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Phil Taylor's Sidelines


Memo to Big Ten commissioner Jim Delany: The conference needs to add another team so it can have a championship game. Otherwise the Big Ten will continue to have messy situations at the end of its regular season like the one it faces this year. Michigan's 16--14 win at Purdue last Saturday--led by Michael Hart's (left) 206 yards--increases the likelihood that the Wolverines will finish tied for first with Wisconsin--both teams are 5-0 in the conference. Michigan and Wisconsin don't play each other, which means that if both teams run the table, the Badgers would get the league's automatic BCS bid because their 11-0 record would be better than Michigan's 10-1. That's no way to decide a conference championship. Nonconference schedules vary wildly because of the inherent inequities in the Big Ten's scheduling, and each of the Big Ten's 11 teams plays eight conference games, skipping two schools. However, some schools have protected rivals, which they play every year. Michigan, for instance, always takes on Ohio State, and Purdue always has lowly Indiana on its schedule.

The Big Ten has had co-champions who didn't meet on the field in three of the last eight years. The best solution is to create two divisions and have the first-place finishers meet in a title game. Yes, that would take some of the steam out of the end-of-the-season rivalry games, but the conference championship and BCS slot shouldn't be determined by unfair scheduling quirks.


While we're on the subject of the Big Ten, two members of that conference combined to produce a final score that must have caused double takes around the country. Iowa's 6-4 win over Penn State--in which Hawkeyes' quarterback Drew Tate (right) threw for 126 yards--was lower-scoring than Boston's 11-9 victory over St. Louis in Game 1 of the World Series on the same day. In fact the Red Sox and the Cardinals scored more in the first four innings than the Hawkeyes and the Nittany Lions managed in their entire game. Iowa and Penn State fans probably wish they had David Ortiz or Larry Walker to generate a little more offense.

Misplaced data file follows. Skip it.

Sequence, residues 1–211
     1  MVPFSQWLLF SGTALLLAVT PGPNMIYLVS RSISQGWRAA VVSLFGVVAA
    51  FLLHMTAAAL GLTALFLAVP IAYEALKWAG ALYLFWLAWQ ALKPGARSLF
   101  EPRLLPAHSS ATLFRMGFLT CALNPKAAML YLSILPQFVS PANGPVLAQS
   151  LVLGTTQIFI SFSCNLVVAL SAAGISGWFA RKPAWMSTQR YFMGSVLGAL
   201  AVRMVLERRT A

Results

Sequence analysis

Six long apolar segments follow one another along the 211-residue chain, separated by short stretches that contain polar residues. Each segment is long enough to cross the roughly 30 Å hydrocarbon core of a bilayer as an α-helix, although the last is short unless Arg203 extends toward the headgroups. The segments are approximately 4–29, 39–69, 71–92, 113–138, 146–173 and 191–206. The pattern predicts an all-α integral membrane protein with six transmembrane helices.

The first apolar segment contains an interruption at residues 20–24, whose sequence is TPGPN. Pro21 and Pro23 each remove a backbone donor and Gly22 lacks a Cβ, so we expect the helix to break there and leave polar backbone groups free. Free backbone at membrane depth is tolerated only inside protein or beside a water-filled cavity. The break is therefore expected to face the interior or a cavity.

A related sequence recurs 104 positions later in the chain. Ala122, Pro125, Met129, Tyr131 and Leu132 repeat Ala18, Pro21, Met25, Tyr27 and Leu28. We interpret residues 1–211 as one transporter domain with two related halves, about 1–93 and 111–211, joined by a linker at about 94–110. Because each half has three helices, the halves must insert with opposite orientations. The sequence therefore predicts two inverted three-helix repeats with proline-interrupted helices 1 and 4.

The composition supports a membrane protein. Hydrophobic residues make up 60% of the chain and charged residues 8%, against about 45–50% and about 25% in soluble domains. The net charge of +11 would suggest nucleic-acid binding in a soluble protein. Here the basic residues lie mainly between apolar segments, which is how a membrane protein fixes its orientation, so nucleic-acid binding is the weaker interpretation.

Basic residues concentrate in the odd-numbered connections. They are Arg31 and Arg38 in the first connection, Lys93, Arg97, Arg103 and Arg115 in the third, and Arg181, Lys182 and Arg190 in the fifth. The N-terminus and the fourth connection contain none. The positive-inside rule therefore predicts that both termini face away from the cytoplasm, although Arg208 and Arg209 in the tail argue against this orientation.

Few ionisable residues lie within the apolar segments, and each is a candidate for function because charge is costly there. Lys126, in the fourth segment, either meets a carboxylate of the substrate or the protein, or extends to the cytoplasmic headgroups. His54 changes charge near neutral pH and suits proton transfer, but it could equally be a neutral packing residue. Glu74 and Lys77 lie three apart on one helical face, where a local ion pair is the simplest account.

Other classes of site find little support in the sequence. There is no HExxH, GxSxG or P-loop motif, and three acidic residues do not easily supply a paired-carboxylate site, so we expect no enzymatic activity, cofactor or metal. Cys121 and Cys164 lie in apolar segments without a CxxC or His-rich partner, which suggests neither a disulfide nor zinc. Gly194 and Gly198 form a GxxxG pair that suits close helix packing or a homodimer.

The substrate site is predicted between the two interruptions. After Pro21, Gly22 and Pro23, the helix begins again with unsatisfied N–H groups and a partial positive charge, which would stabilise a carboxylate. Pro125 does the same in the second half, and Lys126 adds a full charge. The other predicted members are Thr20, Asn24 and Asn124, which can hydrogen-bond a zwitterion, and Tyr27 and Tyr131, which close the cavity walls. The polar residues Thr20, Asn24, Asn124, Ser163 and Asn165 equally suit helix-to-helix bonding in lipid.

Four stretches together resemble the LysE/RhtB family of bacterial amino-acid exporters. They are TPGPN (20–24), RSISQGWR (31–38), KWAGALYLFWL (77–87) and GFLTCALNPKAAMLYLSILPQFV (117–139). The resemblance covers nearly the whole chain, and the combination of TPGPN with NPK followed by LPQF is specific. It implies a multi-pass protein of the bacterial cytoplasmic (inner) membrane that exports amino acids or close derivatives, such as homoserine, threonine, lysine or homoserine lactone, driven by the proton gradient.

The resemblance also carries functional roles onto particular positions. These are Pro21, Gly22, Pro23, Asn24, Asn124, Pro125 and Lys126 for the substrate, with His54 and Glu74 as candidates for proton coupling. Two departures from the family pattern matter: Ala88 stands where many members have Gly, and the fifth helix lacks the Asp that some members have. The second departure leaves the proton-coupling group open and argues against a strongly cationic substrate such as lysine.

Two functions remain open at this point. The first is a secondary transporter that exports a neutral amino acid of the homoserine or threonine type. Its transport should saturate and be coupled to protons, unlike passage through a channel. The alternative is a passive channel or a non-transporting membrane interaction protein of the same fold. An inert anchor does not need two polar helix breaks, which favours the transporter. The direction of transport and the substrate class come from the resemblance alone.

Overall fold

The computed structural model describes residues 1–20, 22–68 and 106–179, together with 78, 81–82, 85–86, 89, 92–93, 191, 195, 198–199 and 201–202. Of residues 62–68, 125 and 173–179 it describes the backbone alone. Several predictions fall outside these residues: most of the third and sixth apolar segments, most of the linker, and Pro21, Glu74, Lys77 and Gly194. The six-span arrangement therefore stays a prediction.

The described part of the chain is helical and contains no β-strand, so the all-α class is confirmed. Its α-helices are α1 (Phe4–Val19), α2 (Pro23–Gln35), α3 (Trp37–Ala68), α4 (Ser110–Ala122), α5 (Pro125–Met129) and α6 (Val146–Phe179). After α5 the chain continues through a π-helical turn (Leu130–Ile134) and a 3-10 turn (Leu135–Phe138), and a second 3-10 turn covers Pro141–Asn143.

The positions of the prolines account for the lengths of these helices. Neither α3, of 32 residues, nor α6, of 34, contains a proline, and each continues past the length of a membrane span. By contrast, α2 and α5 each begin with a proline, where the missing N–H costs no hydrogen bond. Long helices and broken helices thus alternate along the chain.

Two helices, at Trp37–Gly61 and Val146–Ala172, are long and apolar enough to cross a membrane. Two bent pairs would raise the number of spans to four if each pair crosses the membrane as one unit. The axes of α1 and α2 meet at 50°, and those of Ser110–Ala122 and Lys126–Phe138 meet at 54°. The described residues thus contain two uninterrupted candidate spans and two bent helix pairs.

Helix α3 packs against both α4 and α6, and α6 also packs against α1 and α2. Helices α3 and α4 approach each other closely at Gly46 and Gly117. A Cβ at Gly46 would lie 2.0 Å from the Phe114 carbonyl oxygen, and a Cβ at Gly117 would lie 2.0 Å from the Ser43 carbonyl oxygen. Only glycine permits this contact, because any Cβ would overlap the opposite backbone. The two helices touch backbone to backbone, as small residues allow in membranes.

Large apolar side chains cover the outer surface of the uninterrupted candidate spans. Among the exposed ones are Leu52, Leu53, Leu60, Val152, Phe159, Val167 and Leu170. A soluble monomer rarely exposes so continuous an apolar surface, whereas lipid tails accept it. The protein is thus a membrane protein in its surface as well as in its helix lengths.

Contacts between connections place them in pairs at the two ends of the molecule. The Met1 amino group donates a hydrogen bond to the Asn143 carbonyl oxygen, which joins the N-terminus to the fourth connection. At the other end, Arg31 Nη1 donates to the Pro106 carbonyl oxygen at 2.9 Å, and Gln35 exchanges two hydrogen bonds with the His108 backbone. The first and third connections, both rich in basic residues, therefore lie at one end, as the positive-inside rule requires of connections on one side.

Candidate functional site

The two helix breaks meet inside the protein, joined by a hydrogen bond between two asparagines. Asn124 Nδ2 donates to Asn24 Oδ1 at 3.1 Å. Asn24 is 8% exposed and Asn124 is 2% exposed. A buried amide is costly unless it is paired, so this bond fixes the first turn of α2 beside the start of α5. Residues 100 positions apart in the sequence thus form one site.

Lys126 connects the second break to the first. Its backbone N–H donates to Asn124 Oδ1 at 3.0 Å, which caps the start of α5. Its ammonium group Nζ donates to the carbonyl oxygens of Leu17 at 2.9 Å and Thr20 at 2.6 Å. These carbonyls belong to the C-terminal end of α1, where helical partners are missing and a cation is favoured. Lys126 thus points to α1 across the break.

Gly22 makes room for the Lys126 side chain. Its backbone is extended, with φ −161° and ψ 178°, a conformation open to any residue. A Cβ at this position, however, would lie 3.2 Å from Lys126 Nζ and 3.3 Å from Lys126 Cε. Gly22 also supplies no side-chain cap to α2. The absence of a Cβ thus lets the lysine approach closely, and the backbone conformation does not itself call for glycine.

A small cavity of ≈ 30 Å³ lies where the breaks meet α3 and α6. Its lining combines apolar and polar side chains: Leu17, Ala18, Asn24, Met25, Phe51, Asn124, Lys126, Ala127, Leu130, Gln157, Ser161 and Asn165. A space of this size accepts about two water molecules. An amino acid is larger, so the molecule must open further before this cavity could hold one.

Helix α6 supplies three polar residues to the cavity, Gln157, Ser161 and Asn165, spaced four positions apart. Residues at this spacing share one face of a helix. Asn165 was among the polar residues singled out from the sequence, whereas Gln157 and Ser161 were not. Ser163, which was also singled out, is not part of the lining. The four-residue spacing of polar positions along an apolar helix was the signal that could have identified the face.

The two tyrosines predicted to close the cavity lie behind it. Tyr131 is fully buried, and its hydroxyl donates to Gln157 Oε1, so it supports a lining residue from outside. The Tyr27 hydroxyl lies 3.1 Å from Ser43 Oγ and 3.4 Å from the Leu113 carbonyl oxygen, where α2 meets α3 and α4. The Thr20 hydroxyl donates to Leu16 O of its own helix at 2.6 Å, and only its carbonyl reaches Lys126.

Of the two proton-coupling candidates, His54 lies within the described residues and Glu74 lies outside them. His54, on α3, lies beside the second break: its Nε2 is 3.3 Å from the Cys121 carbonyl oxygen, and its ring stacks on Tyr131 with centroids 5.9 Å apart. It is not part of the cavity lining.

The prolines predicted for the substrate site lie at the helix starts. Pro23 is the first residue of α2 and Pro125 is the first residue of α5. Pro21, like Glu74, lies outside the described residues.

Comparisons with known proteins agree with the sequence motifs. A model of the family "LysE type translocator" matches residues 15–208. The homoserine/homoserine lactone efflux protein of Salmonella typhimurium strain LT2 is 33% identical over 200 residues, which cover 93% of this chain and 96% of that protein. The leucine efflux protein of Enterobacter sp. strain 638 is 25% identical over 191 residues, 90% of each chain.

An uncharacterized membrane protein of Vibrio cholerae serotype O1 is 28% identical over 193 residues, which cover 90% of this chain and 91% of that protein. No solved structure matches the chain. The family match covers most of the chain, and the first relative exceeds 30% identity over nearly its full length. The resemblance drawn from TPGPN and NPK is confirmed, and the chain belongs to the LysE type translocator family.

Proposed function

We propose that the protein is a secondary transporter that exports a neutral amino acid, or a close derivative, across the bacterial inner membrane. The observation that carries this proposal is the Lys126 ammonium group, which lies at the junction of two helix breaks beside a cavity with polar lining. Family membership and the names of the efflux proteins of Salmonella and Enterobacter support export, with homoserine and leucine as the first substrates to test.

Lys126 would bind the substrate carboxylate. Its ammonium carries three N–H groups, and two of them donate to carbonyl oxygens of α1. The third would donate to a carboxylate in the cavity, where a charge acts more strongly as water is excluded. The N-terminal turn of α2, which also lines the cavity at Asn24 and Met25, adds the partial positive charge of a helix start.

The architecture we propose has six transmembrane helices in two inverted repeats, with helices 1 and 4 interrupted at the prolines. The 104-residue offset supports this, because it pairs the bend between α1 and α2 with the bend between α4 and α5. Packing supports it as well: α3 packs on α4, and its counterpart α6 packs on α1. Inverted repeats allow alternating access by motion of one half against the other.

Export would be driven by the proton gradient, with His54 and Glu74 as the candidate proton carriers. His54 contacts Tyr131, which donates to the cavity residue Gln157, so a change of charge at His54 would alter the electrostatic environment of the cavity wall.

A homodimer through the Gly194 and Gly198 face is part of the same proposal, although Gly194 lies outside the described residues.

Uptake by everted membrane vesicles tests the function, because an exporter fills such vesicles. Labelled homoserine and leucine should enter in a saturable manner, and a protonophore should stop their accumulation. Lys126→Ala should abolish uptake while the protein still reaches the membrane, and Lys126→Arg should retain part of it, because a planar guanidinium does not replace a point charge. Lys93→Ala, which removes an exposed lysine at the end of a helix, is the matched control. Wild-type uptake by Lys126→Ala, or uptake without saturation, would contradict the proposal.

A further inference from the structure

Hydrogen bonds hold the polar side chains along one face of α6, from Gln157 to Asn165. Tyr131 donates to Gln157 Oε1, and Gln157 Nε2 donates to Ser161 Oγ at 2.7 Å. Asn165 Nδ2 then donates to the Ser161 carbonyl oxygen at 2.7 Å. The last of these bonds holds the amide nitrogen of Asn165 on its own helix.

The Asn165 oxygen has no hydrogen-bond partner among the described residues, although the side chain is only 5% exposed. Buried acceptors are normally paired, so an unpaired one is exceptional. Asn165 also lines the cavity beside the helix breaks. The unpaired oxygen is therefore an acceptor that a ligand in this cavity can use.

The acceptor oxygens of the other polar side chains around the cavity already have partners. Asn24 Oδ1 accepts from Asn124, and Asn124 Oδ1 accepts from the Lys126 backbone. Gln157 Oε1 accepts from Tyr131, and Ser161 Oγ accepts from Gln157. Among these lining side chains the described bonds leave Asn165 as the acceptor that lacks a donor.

The most misleading record in the nation may be Wake Forest's 0--4 mark in the ACC. The Demon Deacons' 20-17 loss to Florida State on Saturday, a game they led 14-3 in the third quarter, was a typical near miss for them. (Their other three defeats were 37-30 at Clemson in double overtime, 27-21 at North Carolina State in overtime and 17-10 to Virginia Tech.) But Wake (3-4 overall) can't blame bad luck for all its woes. The Demon Deacons have come up short in crucial situations. On Saturday, with the score tied at 17, Florida State faced a third-and-10 from its own 18, and Lorenzo Booker (above) gained 46 yards up the middle. That helped set up Xavier Beitia's 22-yard game-winning field goal.